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Thread: ask

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    #1

    ask

    whether there is in English sayings "there still gunpowder in the flasks"? Proverb "there is life in the old dog yet"- i know.

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    #2

    Re: ask

    I haven't come across it.

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    #3

    Re: ask

    i don`t understand you. what you mean?

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    #4

    Re: ask

    and is it permissible use in conversation with an Englishman version of " there is still gunpowder in the flasks" would have made sense ? Or need to explain

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    #5

    Re: ask

    Quote Originally Posted by skotopes View Post
    i I don`t understand you. w What do you mean?
    I haven't come across it. = I haven't met it, I have not seen it in writing or heard it in speech.

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    #6

    Re: ask

    Quote Originally Posted by skotopes View Post
    and i Is it permissible to use in conversation with an Englishman a version of " there is still gunpowder in the flasks"? w Would have made it make sense, or would I need to explain?
    We might be able to guess the meaning, but it would sound strange. It is not a natural English expression.

    ps. These days we prefer 'an English person/speaker' to 'an Englishman', because it is better to be inclusive - why should women be excluded?

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    #7

    Re: ask

    Thanks. My first mistake is realized. As regards the second , then just do not have time to fix. But you`re absolutely right . Will try to continue to better articulate phrases. However, admit it`s not easy, since i use the program transfer from the poor language skills. Thanks again.I hope for your assistance in the future. I need to learn how to express ideas in English without assistance.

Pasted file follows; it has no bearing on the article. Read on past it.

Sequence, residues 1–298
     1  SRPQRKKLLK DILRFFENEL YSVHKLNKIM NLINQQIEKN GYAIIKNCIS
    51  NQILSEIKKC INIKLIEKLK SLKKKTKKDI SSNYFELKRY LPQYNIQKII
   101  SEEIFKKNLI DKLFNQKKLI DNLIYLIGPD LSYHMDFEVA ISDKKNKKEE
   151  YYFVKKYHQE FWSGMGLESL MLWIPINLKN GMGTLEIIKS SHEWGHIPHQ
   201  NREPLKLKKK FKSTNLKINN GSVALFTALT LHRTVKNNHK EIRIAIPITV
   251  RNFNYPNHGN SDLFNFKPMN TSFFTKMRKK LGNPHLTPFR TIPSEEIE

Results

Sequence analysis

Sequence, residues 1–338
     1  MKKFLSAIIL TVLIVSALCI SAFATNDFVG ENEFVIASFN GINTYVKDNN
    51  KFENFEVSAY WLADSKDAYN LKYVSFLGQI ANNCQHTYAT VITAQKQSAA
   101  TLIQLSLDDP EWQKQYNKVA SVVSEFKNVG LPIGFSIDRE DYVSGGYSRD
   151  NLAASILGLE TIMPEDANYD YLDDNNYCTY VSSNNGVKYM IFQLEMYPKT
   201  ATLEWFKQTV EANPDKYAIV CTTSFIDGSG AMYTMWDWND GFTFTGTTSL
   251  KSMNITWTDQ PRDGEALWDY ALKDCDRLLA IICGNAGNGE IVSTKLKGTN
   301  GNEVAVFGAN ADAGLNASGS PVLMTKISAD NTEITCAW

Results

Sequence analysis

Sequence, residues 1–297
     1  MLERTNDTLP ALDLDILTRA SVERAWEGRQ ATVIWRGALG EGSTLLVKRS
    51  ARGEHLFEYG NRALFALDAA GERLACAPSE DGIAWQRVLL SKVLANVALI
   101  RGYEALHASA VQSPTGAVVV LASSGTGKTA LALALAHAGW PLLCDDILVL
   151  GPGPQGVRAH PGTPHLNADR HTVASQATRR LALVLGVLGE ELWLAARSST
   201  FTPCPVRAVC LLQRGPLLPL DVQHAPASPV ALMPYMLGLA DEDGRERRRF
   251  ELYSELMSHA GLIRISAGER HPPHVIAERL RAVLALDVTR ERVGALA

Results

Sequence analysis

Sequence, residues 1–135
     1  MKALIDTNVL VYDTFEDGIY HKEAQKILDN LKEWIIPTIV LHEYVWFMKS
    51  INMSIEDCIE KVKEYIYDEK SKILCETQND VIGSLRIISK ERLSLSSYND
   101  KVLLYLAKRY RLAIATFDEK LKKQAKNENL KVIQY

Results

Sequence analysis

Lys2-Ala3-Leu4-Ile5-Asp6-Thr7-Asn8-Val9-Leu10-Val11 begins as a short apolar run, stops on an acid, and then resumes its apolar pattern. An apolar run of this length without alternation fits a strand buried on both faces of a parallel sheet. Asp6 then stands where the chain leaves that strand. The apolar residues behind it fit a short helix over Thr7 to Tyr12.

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    #8

    Re: ask

    I am interested in British English

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    #9

    Re: ask

    Although Tdol and I are both speakers of BrE, I don't think we have written anything a speaker of AmE would disagree with (touch [BrE] /knock on [AmE] wood).

    However, I should have written, in post #6:

    These days we prefer 'a native speaker of English an English person/speaker' to 'an Englishman', because it is better to be inclusive - why should women and speakers of other dialects of English be excluded?

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    #10

    Re: ask

    re: "there still gunpowder in the flasks" and "there is life in the old dog yet"

    Yes, you might hear this in the US, but rarely used by people under 60.

    Those expressions are used to mean that an older man is still virile.


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